11 Native American Tribes, Including The Two Largest, Prohibit Gay Marriage

By Kathleen Brown | June 8, 2015 | 1:44 PM EDT

"Navajo Wedding," by Mike Larsen, circa 1980. (National Museum of the American Indian).

(CNSNews.com) -- Tribal laws of the two largest Native American tribes in the United States prohibit gay marriage, as do the laws of nine other smaller tribes.

The Navajo and Cherokee Nations, the first and second largest tribes respectively, together have about 600,000 members. The nine smaller tribes that ban gay marriage have another 350,000 members. These tribes all either define marriage as between a man and a woman or explicitly prohibit same-sex marriage, according to the Associated Press (AP).

Since 2011, six of the eleven tribes revisited and upheld their preexisting legal definitions of marriage as between a man and a woman, AP researchers found.

Due to their status as sovereign nations, these 11 tribes will not need to change their marriage laws, which govern nearly one million tribal members, even if the Supreme Court legalizes gay marriage later this month.

If the court’s Obergefell v. Hodges ruling determines that same-sex couples have a constitutional right to marry, Native American bans on gay marriage will remain in effect because federally-recognized tribes have the right to establish their own laws and are not subject to the U.S. Constitution.

For example, the Cherokee Nation Marriage and Family Protection Act of 2004 defines marriage as “a civil contract between one man and one woman” and states that “no marriage shall be contracted...between parties of the same gender.”

Title 6 of Chickasaw tribal law states that “a marriage between persons of the same gender performed in any jurisdiction shall not be recognized as valid and binding in the Chickasaw Nation.” However, the law notes that it does not prohibit “members of the same sex from entering written contracts” with one another.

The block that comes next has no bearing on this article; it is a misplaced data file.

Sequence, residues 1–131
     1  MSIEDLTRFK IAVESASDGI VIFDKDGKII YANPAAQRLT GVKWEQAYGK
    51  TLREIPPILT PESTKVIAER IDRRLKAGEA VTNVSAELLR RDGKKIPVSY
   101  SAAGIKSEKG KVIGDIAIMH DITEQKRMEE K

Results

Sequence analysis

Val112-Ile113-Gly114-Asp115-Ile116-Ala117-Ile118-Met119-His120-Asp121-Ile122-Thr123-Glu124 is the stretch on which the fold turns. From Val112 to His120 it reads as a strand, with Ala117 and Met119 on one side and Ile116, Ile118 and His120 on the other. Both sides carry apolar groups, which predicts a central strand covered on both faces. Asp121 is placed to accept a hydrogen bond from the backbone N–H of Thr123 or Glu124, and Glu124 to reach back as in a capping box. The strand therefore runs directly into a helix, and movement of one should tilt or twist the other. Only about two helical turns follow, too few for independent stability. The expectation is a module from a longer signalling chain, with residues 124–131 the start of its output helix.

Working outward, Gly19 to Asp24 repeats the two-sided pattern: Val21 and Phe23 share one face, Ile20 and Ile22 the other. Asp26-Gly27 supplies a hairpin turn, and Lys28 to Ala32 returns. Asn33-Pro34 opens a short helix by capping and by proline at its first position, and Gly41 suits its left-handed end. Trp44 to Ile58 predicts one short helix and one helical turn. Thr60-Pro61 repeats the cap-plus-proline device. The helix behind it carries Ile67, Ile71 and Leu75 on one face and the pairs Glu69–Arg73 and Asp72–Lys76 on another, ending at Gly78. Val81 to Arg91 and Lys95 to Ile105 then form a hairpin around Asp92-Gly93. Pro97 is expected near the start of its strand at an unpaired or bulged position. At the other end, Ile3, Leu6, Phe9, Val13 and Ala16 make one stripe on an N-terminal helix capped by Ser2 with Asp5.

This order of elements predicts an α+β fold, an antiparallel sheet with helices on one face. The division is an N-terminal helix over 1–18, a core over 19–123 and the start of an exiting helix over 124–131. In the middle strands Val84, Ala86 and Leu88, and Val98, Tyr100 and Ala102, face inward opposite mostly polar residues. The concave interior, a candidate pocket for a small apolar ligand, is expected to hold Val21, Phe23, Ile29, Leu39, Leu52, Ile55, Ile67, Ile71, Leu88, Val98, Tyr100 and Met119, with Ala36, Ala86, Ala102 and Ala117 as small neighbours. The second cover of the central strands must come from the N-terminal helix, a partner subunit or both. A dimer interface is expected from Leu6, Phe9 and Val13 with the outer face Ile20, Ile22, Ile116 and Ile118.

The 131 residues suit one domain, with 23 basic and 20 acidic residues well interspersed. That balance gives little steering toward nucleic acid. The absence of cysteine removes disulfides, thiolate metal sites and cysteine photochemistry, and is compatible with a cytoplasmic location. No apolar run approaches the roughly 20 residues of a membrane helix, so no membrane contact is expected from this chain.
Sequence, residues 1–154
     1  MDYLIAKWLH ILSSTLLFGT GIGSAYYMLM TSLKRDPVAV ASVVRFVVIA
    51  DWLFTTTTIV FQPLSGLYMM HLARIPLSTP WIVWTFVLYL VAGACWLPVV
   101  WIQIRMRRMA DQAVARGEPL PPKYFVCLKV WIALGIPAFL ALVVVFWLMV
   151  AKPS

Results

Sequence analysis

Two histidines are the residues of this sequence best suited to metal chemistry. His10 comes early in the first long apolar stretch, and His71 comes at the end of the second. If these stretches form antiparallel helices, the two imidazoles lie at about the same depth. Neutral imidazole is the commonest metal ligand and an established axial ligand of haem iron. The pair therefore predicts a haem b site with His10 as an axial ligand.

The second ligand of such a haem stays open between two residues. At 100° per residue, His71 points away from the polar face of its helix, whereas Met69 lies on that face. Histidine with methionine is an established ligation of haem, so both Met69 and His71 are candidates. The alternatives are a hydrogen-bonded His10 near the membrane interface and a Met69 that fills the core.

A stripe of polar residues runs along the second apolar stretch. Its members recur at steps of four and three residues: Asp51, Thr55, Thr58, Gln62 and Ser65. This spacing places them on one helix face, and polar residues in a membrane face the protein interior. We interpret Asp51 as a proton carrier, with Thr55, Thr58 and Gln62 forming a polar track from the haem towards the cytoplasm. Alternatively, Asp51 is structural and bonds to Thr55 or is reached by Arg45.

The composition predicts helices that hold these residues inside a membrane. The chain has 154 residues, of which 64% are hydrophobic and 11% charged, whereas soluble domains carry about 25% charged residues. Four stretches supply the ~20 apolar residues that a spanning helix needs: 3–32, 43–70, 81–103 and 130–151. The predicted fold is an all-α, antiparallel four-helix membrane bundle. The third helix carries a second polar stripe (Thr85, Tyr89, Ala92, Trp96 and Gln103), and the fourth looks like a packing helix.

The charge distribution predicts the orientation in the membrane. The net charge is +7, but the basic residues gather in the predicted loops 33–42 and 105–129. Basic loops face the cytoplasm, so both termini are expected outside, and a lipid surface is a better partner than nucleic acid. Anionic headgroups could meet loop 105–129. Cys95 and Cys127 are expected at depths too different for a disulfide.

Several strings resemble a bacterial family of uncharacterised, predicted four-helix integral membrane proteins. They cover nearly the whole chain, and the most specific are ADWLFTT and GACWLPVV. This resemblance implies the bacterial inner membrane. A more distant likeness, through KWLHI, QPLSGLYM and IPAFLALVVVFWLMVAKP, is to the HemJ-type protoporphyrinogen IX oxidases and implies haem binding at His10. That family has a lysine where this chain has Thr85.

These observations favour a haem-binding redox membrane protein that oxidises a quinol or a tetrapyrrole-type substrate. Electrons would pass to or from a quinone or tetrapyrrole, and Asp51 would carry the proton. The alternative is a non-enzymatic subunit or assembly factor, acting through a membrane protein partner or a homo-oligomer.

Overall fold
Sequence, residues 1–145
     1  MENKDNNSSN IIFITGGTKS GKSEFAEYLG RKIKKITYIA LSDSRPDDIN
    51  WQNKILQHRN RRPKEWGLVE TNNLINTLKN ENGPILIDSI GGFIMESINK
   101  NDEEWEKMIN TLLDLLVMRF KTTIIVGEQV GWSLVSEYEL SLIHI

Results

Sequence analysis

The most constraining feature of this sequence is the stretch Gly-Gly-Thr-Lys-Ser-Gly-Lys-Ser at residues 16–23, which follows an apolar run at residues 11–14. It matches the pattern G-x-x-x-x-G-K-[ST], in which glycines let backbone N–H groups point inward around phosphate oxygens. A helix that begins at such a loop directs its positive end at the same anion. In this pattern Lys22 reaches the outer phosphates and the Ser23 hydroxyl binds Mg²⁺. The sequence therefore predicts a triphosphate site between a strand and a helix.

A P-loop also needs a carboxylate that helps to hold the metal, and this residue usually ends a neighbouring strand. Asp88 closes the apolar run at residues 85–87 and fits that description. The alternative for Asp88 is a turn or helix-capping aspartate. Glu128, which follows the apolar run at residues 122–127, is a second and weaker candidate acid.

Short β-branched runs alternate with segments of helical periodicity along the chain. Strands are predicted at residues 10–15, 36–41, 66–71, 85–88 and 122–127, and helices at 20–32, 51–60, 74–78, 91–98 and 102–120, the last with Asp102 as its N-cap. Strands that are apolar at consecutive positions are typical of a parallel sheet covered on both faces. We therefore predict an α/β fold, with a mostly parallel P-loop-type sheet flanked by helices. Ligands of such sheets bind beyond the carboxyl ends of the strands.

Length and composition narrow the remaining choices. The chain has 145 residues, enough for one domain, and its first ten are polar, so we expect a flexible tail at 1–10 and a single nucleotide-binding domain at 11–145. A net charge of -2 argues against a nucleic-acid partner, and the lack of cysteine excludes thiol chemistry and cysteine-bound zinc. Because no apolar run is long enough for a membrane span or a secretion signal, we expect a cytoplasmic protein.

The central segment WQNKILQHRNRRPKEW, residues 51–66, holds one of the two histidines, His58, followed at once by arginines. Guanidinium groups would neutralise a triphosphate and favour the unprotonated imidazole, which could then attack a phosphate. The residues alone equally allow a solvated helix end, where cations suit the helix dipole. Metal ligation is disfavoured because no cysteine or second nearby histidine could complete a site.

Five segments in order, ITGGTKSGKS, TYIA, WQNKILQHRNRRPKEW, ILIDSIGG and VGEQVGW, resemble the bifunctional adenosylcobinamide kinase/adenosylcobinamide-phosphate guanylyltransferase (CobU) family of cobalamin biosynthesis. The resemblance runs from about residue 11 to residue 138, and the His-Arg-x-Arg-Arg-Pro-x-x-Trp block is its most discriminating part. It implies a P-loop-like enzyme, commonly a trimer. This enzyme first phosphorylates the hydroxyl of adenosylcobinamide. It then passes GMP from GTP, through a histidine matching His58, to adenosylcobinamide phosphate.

According to the gay-rights advocacy group Freedom to Marry, at least ten Native American tribes do permit gay marriage. However, this list does not include any of the ten largest tribes according to 2010 U.S. Census Bureau data.

Of the tribes that do recognize same-sex marriage, some have made changes to their marriage laws to include recognition of same-sex couples, while others have adhered to a preexisting policy that tribal marriages be governed by the surrounding state’s marriage laws.

Many other tribes remain neutral, AP reports, neither taking steps to officially recognize gay marriage nor changing the wording of their marriage laws to include or preclude recognition of same-sex couples.

However, the legal language for some of these neutral tribes makes reference to heterosexual couples by use of such phrases as “husband and wife,” “a man and a woman,” and “unmarried male and...unmarried female.”

For example, the Northern Cheyenne Uniform Marriage and Divorce Act defines marriage as “a personal relationship between a man and a woman arising out of a civil contract to which the consent of the parties is essential,” in which spouses “take each other as husband and wife.”

To date, such laws have not been applied to same-sex couples.

CNSNews.com contacted The Human Rights Campaign, the nation’s largest LGBT advocacy group, for a comment, but the group did not respond.